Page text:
Responsibility to Represent

6 Apr

This morning I watched a six-minute discussion between ESPN analysts about the recent debacle of Bobby Petrino. To summarize the situation, Petrino crashed his motorcycle last weekend, and when he spoke to reporters, he said he was alone on the bike. The police report made clear Petrino lied about that; a 25-year-old female colleague with whom he had an “inappropriate relationship” was a passenger on the bike at the time of the crash.

51-year-old Petrino has a wife – Becky – and four children. His daughter Katie is a redshirt freshman on the Louisville golf team. His older daughter Kelsey graduated from Louisville in 2009. His sons Nick and Bobby Jr. attend the University of Arkansas.

Not only is Petrino’s behavior a huge embarrassment to his wife and children, it is a blight on the school he works for as well.

Petrino had a history of dishonesty before he ever came to Arkansas. Now it turns out that he is cheating on his wife – with a woman 26 years his junior whom he hired onto his staff – and lying to not only his family but also his boss.

Now the University of Arkansas has a decision to make: retain the coach who led the Razorbacks to an 10-2 regular season record and a Cotton Bowl win over Kansas State, or fire him for violating the “conduct clause” in his contract.

There is no doubt in my mind Petrino should be fired. I am not so naive as to think that college sports truly are about the student-athletes. College sports revolve around money. So here are a few economic questions to ponder:

1) Will donors be more or less likely to pour money into a program led by a known cheater and liar?

2) Will the best players be more or less likely to come to a program led by a man who has done nothing but skip out on his players and staff at every team he has coached?

3) Will the parents of potential players be more or less likely to encourage their kids to attend a college where the leader of the football program might be one of the worst examples ever?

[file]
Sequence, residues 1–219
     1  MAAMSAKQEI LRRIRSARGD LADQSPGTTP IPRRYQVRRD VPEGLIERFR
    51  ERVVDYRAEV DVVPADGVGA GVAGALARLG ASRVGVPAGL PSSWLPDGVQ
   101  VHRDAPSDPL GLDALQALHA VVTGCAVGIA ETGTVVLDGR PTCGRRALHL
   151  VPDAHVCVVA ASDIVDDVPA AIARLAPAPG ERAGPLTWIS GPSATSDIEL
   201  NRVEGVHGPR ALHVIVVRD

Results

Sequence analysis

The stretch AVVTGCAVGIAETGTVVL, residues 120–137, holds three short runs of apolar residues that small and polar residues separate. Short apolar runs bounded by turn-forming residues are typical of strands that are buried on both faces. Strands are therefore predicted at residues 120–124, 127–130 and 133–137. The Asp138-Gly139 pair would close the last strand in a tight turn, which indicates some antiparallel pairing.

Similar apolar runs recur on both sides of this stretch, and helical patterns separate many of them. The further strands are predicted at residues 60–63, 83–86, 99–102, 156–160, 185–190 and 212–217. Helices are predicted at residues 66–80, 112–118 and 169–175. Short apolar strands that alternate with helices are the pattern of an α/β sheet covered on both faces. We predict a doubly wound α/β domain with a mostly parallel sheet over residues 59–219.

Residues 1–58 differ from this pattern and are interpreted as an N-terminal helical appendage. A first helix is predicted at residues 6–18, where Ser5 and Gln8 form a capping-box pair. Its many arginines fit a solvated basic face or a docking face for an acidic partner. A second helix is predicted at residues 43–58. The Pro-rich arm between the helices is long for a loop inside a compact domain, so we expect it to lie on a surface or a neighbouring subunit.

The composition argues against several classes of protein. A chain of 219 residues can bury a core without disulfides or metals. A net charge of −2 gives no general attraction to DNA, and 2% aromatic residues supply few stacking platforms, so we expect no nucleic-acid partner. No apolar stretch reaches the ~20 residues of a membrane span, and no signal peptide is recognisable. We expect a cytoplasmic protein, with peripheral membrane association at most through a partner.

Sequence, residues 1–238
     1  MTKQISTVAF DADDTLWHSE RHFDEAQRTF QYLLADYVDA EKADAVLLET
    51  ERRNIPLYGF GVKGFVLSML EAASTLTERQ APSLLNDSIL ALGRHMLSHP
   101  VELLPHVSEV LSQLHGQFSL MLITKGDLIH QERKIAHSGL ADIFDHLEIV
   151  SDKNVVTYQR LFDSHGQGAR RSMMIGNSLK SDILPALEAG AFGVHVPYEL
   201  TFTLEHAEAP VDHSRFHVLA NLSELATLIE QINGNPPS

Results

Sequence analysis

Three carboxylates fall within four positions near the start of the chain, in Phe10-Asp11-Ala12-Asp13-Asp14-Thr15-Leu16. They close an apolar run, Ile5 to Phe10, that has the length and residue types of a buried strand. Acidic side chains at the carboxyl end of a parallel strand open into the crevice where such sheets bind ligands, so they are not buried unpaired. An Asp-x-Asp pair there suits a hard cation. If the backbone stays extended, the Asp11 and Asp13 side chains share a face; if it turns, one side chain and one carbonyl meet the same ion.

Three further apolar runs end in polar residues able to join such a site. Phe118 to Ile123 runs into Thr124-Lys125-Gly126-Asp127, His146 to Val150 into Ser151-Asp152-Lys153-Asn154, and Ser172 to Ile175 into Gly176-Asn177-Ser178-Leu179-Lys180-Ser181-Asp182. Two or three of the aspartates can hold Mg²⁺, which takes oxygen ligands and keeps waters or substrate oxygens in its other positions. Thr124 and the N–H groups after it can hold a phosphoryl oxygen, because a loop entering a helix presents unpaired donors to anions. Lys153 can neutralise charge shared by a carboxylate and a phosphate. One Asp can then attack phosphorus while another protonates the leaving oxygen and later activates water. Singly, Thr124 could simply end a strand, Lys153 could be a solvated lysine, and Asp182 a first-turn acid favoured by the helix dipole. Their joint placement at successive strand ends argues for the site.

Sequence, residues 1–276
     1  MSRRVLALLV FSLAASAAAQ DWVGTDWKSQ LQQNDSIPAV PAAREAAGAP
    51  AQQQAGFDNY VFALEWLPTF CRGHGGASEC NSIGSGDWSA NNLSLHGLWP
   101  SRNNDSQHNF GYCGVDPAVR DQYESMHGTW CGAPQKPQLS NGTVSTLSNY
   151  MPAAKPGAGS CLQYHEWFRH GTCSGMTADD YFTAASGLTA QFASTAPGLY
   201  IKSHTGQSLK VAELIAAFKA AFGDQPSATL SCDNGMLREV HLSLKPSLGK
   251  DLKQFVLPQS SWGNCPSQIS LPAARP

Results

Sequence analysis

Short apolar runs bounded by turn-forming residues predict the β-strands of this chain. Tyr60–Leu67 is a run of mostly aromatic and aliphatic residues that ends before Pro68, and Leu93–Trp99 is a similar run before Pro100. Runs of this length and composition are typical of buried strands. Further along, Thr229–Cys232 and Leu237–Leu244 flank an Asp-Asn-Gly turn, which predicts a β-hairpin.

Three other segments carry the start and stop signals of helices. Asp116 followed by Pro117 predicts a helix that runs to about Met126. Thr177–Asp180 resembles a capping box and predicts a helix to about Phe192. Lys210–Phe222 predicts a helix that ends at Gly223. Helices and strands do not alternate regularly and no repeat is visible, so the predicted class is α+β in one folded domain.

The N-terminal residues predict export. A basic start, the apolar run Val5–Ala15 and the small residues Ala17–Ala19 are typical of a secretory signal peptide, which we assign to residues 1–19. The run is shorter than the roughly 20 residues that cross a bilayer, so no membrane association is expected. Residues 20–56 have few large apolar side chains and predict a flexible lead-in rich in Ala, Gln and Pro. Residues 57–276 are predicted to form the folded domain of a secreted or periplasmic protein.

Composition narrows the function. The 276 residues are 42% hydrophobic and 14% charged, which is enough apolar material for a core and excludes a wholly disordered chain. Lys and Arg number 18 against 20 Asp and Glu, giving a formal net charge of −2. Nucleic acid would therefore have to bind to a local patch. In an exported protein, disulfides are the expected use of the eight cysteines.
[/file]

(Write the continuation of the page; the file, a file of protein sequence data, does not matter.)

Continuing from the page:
4) Will the University of Arkansas be more or less likely to attract the best assistant coaches when the leader of its program is, euphemistically put, less than forthcoming about his intentions?

5) Will sponsors like Nike be more or less likely to affiliate themselves with a program whose figurehead makes news for cheating on his wife and lying to his superiors?

The head coach of a big-time sports program reflects the priorities and values of the university. If the Razorbacks do not send Petrino on his way, it shows football is more important to them than integrity. That image is a rather ugly one.

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One Response to “Responsibility to Represent”

  1. Herbie April 6, 2012 at 11:22 pm #

    “The head coach of a big-time sports program reflects the priorities and values of the university. If the Razorbacks do not send Petrino on his way, it shows football is more important to them than integrity. That image is a rather ugly one.”

    There’s a certain school in Happy Valley that knows all about that. An athletic program should never, ever be larger than the institution.

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